This is the fascinating history of of a most useful website. Historians may consider Wikipedia as significant as Guttenberg printing press. Both contributed immensely to the spread of knowledge. Lih does an excellent job of conveying the history of Wikipedia and drilling down in the technicalities of this phenomenon from a cultural, software, and governance standpoints.
Wikipedia was developed over numerous years through the interactions of maverick programmers. It started with Tim Berners-Lee's creation of the World Wide Web in 1990. Then in 1995 Ward Cunningham creates the WikiWikiWeb software that supports Wikipedia capabilities. This software allows to create, write, and edit webpages and saves every version of a page. Ben Kovitz introduces this wiki software to Jimmy Wales and Larry Sanger, the cocreators of an earlier online encyclopedia: Nupedia. In 2001, Jimmy Wales implements Cunningham's wiki software to create Wikipedia. Within less than a month, Wikipedia achieves more than Nupedia did in a year in terms of number of articles published. Soon after, a German programmer Magnus Manske far improves the wiki software by allowing Wikipedians to maintain a clean page of an article while debating issues freely on a discussion page.
In 2002, Derek Ramsey finds a way to automate the creation of 33,832 articles about small towns in the U.S. by automating the extraction of data from the U.S. Census. Seth Anthony and others add actual maps to those cities. Sunir Shah creates MeatballWiki to discuss online community. It will prove instrumental for Wikipedia's future policies. Ultimately, Sanger adopts three dominant editing principle: neutral point of view (NPOV), verifiability (V), and no original research (NOR).
Larry Sanger, the chief editor of Wikipedia will struggle with his wish to facilitate Wikipedia explosive growth based on its free wheeling nature where anyone can publish article. But, Sanger seeks quality in Wikipedia's articles through formal editorial control. He created a burdensome seven step editing process for Nupedia. This caused the average article to take more than two weeks to get published vs Wikipedia where an author can publish an original article immediately.
At Wikipedia, the editing comes after the fact. But, it has no finish line. Thus even if an article is mediocre at first, it improves rapidly. After a couple of years, Larry Sanger leaves Wikipedia in 2002 as he feels it lacks credibility. In 2006, he develops a competing encyclopedia, Citizendium where a hierarchy of experts dominates the article publishing process. Within its first year it will publish 4,000 articles vs 20,000 for Wikipedia. Also, when comparing a few articles somehow Wikipedia's wild wisdom of crowds approach seems very competitive in terms of quality with the hierarchy of experts at Citizendium. Thus, Citizendium outlook is not that encouraging (as Wikipedia appears to beat it on both productivity and quality).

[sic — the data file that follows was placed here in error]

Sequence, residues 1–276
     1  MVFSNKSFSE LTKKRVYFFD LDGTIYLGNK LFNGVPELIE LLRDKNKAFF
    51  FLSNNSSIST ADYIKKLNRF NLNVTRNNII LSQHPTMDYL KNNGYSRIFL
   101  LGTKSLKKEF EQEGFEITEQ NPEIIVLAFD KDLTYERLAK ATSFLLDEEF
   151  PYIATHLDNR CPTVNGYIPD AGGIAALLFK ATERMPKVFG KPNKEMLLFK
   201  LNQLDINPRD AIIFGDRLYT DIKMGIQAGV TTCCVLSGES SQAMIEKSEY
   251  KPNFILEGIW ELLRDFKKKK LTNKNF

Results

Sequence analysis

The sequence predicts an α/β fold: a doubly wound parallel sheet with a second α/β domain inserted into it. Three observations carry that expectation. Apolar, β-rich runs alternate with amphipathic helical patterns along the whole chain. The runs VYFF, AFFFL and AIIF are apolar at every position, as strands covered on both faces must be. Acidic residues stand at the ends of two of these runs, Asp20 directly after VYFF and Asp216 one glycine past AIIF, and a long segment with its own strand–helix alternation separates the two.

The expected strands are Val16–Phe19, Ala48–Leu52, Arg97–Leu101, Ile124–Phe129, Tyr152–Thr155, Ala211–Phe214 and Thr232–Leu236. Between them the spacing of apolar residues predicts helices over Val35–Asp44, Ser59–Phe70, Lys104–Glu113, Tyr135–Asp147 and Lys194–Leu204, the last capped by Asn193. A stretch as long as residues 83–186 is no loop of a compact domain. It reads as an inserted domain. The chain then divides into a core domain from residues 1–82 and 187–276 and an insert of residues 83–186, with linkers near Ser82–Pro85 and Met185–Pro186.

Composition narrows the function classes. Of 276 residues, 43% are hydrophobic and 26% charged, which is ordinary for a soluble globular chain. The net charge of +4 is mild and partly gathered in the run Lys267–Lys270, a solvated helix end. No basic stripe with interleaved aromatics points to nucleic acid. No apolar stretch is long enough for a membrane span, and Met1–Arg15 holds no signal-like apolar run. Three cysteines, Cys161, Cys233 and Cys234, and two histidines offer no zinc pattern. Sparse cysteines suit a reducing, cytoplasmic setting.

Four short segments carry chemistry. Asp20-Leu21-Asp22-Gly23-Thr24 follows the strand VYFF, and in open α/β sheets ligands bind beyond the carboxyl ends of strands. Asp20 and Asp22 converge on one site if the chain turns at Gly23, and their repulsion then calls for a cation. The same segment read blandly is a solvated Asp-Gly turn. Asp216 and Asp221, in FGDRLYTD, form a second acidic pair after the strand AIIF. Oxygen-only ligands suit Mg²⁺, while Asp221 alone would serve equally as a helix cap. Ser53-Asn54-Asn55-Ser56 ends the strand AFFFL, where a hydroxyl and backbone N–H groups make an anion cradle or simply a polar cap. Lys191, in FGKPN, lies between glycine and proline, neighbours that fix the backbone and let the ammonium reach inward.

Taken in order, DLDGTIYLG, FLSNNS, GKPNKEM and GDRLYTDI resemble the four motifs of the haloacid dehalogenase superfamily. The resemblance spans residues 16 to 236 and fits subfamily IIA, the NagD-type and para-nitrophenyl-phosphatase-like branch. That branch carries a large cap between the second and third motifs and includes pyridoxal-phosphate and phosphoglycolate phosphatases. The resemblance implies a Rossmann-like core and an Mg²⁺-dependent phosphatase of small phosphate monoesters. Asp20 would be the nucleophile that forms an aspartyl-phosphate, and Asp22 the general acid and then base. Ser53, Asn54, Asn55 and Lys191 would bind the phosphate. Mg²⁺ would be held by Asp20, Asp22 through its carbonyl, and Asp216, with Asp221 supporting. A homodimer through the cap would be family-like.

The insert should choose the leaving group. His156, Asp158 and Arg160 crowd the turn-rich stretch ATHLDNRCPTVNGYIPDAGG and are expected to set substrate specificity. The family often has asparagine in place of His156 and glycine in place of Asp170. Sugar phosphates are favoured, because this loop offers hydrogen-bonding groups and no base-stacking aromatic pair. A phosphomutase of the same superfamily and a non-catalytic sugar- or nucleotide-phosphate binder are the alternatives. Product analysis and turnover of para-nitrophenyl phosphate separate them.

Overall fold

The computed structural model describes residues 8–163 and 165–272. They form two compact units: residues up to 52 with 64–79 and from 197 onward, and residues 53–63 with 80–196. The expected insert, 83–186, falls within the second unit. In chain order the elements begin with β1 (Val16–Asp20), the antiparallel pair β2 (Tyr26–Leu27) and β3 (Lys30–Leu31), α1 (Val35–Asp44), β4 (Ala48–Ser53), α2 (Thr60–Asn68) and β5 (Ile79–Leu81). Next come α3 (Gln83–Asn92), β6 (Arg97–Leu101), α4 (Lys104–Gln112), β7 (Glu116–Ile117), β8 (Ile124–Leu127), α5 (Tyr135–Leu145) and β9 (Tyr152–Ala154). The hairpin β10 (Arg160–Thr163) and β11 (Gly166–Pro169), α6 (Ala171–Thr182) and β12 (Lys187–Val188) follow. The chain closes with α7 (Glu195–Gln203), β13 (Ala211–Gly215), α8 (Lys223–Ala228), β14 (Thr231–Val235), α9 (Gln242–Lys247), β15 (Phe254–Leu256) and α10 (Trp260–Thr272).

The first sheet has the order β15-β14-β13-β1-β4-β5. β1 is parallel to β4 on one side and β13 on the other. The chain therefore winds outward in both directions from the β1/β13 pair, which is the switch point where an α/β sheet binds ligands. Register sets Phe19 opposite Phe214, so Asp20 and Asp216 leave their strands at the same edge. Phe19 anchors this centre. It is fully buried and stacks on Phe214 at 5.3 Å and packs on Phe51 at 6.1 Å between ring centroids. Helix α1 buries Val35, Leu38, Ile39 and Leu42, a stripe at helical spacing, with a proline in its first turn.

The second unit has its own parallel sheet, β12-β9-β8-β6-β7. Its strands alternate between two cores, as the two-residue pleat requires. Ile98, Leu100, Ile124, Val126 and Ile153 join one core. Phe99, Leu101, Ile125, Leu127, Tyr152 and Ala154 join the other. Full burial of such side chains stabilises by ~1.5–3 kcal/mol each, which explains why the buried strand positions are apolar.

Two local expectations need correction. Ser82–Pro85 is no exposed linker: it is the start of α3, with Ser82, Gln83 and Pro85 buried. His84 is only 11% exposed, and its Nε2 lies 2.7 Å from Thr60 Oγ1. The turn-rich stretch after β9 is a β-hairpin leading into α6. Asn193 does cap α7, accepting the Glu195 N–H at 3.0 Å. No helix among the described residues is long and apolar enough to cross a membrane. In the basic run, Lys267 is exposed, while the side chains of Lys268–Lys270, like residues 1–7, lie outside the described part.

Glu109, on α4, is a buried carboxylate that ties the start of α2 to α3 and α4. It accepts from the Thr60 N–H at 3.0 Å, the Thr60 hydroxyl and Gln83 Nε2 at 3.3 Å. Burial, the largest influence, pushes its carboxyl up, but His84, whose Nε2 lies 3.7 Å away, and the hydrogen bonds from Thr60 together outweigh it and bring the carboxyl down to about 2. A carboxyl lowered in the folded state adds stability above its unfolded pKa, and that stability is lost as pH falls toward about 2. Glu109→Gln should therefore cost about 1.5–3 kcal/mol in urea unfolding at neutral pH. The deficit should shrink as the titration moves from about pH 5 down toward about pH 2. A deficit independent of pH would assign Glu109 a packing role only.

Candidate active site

The chapter describing the different culture of the various language-Wikipedias is very interesting. The Spanish one is the most idealistic. When Larry Sanger mentioned Wikipedia may consider selling ads to generate revenues, the Spanish Wikipedia revolts and copies their entire Wikipedia into a new online encyclopedia: Enciclopedia Libre. The Spanish Wikipedia's growth will never fully recover from this bifurcation. The Japanese Wikipedia culture is unique. It is by far the most polite. Edit wars are unknown. And, all Wikipedians remain anonymous. They don't register usernames. This makes it harder to get mad at "no one" and makes it easier to reach consensus. The German Wikipedia is more rigorous. Articles don't get readily published until they are "Sighted" by senior editors who check spelling, absence of vandalism, and some of the basic facts. As a result, Wikipedia has more credibility in Germany. And, they have formed a close cooperation with several government agencies related to education. Their culture resembles what Larry Sanger had in mind with Citizendium. The Chinese Wikipedia is interesting due to its challenges of having to deal with different icon styles. Zhen Zhu designed a software that translates Chinese articles in six different icon styles. This software will be leveraged by the Serbian and the Kazakh Wikipedias to generate translations in their respective Cyrillic, Latin, and Arabic versions.
The international coverage of Wikipedia is incredible. There are Wikipedias in 255 different languages. And, many are surprisingly prolific. As of March 2008, the Esperanto Wikipedia has over 95,000 articles; the Catalan one over 106,000; Sanskrit over 4,000. But, English dominates with over 2.2 million articles which is three times larger than the German one in second place.
In 2004, Wales creates an arbitration committee. Over a 2 year period, it will handle more than 200 cases. Nevertheless, over the years many editors tired of fighting trolls leave Wikipedia suffering from burn out as Sanger did much earlier.
Near the end, the author raises the issue: is the English Wikipedia actually finished? With over 2 million articles, there is little need for new ones. Now, the mission of the Wikipedians is changing from creation to maintenance. Lih suggests the creative types may find interesting outlets in Wikibooks, Wikiuniversity, and other derivatives of the English Wikipedia.
If you want to study further the implications of online free collaboration you may want to read Wikinomics: How Mass Collaboration Changes Everything. If you want to study further the mechanical workings of Wikipedia, read How Wikipedia Works: And How You Can Be a Part of It or Wikipedia: The Missing Manual.